Yesterday, December 8th, was World Climate Day, and it was marked by protest marches in around 50 cities globally, including an estimated turnout of 10,000 in London. Compare that with the more than half a million who turned out – in vain – to try to dissuade the British from taking part in the 2003 invasion of Iraq.
Foul weather in Dublin undoubtedly didn’t help, but even still, it was a depressingly small turnout.The crowd gathered near Christchurch and set off at 2pm for a march that took us through Temple Bar, up onto Dame Street, down College Green and across O’Connell Bridge, before heading to the Custom House, home to the Department of the Environment.
It was only on the wide expanses of O’Connell Bridge that you got a clear sense of what a small group was involved.There was no shortage of noise or enthusiasm, just numbers. The Labour Party was represented by Liz McManus, their spokesperson on Communications, Energy & Natural Resources (and admits herself to being a newbie to climate change etc), while there was a good turnout from the Greens, with Trevor Sargent and Ciaran Cuffe in the march, and Transport Minister, Eamon Ryan delivered a strong address – despite being heckled by some ‘single issue’ types, especially a female nutter who practically assaulted him on the podium.
Ryan described the unfolding climate crisis as an ’emergency’, rather than a problem or issue, and was at pains to ask people to put aside party political alliegances and specific grudges and come rally behind a unified position on tackling this.
This correspondent saw no sign of senior representation from Fianna Fail, Fine Gael or the PDs at the rally, so it may be wishful thinking to expect much help from any of the ‘business as usual’ wing of Irish public life.Environment Minister John Gormley was in Bali for the UN Framework Convention on Climate Change, but he did allow the protest meeting to assemble within the grounds of the Custom House – not something you could imagine happening had his predecessor still been in that ministry.
“It’s no longer an issue of climate change, it’s an issue of climate crisis”, said Ryan. “We need to awaken the Irish people to this issue, to get them to stand up and not just to change lightbulbs – though that’s a good start –but to recognise that this will require a collect consciousness switch”.
Looking at the sea of curious, puzzled and mostly blank faces of the public and tourists who watched the protest march wend its way through the streets of Dublin, Ryan is not overstating it when he says that the public mindset is going to need to be challenged if anything substantial is to be achieved.
According to newspaper reports earlier this week, Irish people are now the number one international visitors to New York. Over a third of a million Irish people will have flown to and from the Big Apple in the last three months of this year. That’s over 100,000 a month. The vast majority are ‘popping over’ to do some shopping. Screw the carbon emissions, hang the massive loss in tax revenues to the Irish exchequer, we Irish have bought into the ‘spend like there’s no tomorrow’ ethos with a zeal we once as a nation reserved for persecuting unmarried mothers.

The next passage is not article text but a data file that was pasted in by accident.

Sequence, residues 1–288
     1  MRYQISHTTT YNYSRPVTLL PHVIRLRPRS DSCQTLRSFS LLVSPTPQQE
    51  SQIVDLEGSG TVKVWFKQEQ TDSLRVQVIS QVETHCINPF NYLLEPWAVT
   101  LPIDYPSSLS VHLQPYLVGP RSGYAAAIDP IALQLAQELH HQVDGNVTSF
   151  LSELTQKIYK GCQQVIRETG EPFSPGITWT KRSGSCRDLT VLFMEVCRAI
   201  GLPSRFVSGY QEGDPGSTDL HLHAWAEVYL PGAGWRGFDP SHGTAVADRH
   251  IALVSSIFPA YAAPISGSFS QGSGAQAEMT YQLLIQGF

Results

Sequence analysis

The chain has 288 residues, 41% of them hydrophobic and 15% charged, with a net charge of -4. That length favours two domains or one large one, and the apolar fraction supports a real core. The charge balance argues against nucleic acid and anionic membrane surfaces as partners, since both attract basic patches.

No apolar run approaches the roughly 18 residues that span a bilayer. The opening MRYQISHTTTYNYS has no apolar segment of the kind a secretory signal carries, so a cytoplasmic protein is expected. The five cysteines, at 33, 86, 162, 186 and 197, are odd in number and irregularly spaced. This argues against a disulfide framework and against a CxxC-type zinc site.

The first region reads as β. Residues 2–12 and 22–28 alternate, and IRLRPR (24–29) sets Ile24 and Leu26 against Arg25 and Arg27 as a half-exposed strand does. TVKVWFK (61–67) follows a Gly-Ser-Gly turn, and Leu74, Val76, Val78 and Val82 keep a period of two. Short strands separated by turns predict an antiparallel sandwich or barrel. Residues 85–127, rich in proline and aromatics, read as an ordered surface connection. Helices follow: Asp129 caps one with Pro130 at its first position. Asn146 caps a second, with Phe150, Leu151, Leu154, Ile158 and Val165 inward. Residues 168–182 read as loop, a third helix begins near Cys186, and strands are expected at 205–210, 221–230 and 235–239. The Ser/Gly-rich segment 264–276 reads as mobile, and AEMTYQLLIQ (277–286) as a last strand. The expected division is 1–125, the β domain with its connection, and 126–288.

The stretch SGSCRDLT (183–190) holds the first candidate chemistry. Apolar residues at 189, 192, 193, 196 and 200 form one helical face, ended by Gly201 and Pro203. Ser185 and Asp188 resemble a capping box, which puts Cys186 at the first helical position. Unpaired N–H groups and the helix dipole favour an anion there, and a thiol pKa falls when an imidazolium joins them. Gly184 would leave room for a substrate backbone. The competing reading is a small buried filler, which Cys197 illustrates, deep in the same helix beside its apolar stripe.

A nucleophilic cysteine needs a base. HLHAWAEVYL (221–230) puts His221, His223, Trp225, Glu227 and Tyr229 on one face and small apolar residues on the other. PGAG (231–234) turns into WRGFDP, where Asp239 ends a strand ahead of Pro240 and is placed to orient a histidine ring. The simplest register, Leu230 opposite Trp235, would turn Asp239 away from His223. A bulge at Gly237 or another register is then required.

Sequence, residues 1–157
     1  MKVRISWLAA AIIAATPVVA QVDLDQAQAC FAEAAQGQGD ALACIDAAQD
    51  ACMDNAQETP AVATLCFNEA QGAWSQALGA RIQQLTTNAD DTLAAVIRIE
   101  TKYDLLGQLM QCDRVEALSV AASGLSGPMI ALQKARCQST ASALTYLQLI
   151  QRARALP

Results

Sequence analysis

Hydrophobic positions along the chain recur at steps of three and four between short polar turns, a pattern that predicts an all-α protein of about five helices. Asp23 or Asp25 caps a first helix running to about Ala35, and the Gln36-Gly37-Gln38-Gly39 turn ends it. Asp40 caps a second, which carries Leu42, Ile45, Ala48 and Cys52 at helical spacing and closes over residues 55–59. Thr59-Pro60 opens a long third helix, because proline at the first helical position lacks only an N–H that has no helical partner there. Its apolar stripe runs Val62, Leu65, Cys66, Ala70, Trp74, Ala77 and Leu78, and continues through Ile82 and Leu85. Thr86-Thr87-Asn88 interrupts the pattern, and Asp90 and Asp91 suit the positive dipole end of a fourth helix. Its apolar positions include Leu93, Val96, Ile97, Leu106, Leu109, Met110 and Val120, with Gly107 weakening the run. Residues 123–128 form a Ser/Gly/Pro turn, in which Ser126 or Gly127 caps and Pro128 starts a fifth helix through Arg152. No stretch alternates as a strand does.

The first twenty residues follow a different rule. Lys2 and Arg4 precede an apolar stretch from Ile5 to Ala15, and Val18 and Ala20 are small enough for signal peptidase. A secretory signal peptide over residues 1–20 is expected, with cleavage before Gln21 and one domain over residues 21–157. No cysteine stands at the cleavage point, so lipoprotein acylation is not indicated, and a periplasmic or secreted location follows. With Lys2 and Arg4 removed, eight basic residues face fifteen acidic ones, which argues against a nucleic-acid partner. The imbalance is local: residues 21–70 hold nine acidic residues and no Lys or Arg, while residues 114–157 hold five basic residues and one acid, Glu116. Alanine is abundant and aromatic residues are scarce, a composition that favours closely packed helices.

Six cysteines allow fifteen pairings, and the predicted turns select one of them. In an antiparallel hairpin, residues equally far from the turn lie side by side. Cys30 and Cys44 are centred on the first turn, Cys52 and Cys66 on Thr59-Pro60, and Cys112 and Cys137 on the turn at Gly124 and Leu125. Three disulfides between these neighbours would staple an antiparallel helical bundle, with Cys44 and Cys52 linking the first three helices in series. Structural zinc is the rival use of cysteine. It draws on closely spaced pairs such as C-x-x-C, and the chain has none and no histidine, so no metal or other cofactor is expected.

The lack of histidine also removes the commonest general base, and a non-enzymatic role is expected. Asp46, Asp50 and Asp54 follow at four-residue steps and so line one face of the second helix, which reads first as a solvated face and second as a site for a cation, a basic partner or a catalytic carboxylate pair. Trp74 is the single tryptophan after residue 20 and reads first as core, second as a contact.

One case I heard of this weekend involves a couple of college-going students hopping on a plane to JFK to grab some last minute bargains. You can’t blame them as individuals (any more than you can lecture kids on the dangers of alcohol while they see their elders binge on regardless).One banner at the march sums it up. It read: “Change the System to Save the Planet”.
It may be a Socialist Party slogan, but it strikes to the heart of this conundrum. Bringing our plastic bags down to the recycling centre in the back of the 4×4, sorting our cardboard while booking a dozen long-haul flights a year may be completely counterproductive.
Feeling better about ourselves because of some tiny, painless little step we take such as putting in a few low-energy lightbulbs while continuing our high-octane lifestyles and demanding economic growth from our politicians ahead of sustainable practices just doesn’t add up. Campaigns like the ‘Power of One’ emphasise how easy it is to both save money and, by implication, easily tip the balance in the battle to stabilise global temperatures while we still can.
But are they true? If we all just do our ‘little bit’, we might manage to shave a few percent off our overall carbon emissions, but any small gains will be quickly overrun by continuing growth in the economy. Yes, it’s a great idea to penalise gas guzzlers and encourage more efficient vehicles, but this gentle nudge nudge, sorry-to-bother-you about this approach may be actually reinforcing a false public perception.
The notion that a few little tweaks here and there and bob’s your uncle, the planet’s safe for us to continue where we left off is not borne out by the IPCC report (itself a fudge, given the need to get so many interest groups on board), Geo-4 or any other reputable scientific reports produced this decade.
Still, the evidence on the streets of Dublin yesterday is that the penny just hasn’t dropped here in Ireland. There are many hard yards ahead.